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NSBA Survey Indicates School Districts Want the New Administration to Address 21st Century Skills

Posted Oct 30, 2008
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Finding ways to assess 21st century learning skills should top the list of education technology priorities for the next Administration and Congress, according to the more than 500 school leaders who responded to a survey issued by the National School Boards Association at the organization’s annual technology and learning conference, T+L.

More than 50 percent of the district leaders surveyed agreed that their top education technology priority for the new Administration and Congress should be assessing 21st century skills. An additional 43 percent called for supporting increased professional development around educational technology, while 38 percent wanted an increased focus on S.T.E.M. subject areas (science, technology, engineering, and math).

School districts noted that their biggest challenge is funding for technology (50 percent), closely followed by integrating technology into the classroom (40 percent). The tight economy is also impacting school districts’ technology programs. Sixty-four percent of districts indicate that they have delayed hardware purchases or upgrades. While the economy has had a negative impact on school districts, two positive factors have emerged: twenty-nine percent of responding districts have explored or adopted open source technologies; and 20 percent have explored "green" IT initiatives as ways to offset costs and save school district money.

Survey respondents listed a variety of ways that school districts are addressing 21st century learning opportunities, including: using new assessment tools to measure 21st century skills (43 percent); raising math, science, and technology standards (38 percent); focusing on career tech readiness programs (34 percent); and offering more Advanced Placement courses and tests (33 percent).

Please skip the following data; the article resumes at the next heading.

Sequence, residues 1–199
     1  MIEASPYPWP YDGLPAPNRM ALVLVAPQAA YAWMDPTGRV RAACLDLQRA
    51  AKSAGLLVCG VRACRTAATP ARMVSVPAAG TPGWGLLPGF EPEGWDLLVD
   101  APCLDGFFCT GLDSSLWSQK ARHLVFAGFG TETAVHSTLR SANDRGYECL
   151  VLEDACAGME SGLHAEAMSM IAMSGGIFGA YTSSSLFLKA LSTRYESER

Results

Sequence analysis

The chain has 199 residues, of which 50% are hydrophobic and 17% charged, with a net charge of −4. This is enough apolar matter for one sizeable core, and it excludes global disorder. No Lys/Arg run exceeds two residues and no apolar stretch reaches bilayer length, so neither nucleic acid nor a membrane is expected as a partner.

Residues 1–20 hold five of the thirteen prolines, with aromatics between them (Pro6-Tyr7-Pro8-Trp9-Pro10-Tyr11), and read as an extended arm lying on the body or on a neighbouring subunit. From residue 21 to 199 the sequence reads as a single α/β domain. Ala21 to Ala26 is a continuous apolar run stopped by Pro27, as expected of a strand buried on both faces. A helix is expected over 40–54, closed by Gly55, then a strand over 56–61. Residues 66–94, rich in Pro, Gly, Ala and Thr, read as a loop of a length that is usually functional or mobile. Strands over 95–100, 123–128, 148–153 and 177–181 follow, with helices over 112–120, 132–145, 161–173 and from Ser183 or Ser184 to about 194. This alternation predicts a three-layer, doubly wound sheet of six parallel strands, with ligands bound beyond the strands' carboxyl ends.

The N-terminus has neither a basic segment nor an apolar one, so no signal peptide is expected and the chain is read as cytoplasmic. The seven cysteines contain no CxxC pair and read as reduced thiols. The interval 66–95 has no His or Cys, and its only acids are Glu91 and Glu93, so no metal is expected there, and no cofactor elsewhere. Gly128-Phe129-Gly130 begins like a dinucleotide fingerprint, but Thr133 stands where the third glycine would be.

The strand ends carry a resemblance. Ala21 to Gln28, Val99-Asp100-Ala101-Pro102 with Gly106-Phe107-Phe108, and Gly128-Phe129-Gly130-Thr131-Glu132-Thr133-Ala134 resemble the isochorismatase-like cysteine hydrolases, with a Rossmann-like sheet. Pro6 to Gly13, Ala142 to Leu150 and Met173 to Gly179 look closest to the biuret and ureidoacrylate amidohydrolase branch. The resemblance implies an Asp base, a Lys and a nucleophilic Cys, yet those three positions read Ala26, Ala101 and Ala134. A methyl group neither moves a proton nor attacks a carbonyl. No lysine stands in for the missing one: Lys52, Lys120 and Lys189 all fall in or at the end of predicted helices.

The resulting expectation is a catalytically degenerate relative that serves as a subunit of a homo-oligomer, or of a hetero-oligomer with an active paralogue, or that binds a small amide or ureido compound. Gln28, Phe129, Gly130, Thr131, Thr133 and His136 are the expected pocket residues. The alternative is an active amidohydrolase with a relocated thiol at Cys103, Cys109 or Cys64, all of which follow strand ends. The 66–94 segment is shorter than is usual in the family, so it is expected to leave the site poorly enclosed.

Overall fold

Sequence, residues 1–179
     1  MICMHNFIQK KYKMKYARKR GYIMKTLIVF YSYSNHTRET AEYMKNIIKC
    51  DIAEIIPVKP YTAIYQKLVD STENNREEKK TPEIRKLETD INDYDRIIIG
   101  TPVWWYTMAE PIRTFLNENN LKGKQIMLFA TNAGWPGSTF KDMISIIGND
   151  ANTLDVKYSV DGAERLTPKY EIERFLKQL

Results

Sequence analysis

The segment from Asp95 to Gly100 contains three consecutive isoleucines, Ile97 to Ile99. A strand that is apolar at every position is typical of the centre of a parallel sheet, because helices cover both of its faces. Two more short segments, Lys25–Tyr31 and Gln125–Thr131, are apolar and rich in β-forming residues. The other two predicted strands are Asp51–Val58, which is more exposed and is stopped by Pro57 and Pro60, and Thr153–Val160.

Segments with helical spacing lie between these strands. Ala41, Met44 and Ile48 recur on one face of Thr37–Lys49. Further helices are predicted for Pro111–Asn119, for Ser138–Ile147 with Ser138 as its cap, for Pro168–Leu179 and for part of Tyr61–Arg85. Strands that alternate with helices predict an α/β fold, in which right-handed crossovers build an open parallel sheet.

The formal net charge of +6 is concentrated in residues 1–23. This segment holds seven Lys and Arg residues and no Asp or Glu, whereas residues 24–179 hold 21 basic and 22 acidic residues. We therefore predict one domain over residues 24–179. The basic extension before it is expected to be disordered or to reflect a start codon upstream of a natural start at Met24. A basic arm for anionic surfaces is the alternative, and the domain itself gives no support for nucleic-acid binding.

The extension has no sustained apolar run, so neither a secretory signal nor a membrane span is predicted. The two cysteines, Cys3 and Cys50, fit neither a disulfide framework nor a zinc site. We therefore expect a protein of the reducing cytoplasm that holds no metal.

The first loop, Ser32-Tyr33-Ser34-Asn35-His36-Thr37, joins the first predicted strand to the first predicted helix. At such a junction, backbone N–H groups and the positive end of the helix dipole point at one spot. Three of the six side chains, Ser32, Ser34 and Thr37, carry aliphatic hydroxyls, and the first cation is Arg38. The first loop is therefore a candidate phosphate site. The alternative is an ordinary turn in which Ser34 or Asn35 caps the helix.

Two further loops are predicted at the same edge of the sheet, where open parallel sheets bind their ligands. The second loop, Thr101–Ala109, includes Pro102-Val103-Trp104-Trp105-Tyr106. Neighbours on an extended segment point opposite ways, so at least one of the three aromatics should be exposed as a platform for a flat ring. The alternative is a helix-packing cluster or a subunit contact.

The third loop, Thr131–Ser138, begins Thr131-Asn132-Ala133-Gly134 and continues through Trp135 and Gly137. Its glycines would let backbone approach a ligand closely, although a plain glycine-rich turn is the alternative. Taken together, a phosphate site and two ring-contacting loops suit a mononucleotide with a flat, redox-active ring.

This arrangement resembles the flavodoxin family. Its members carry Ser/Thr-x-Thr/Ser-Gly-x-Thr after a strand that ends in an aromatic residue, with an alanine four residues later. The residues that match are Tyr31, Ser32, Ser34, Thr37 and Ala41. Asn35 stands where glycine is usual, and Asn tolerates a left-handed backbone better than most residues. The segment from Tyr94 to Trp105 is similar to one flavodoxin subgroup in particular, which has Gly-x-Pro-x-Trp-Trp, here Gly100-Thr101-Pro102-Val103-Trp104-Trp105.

A new question addresses the use of data in school districts. Respondents indicated that instructional decisions are being driven by data in a variety of ways, the largest being professional development to ensure data is accurately interpreted (nearly 67 percent). Other instructional decisions driven by data include allocation of district resources (65 percent), staffing as a reflection of building needs (49 percent), and teacher customization of assignments based on student ability (nearly 45 percent). Fifty-six percent indicated they had student information systems that provide for easy analysis of data.

Survey respondents also note that technology continues to increase educational opportunities for children (93 percent). Students are more engaged in learning (92 percent), curriculum has been enhanced for students with special needs (60 percent), critical thinking skills are increased (58 percent), and students possess a stronger ability to communicate (55 percent). When asked about devices that could best engage students, respondents reported interactive boards (51 percent) were most effective followed by laptops (44 percent), overhead projection (24 percent) and individual response clickers (21 percent).

The digital divide continues to be an issue for school districts, with 70 percent of respondents saying that home access to the internet is a problem for low-income students. Districts are working to alleviate some of this divide by providing access in before- or after-school programs (51 percent) and supporting access for students at community centers or libraries (40 percent).

Survey results may be found on the NSBA Web site at www.nsba.org.

Source: National School Boards Association, www.nsba.org


 
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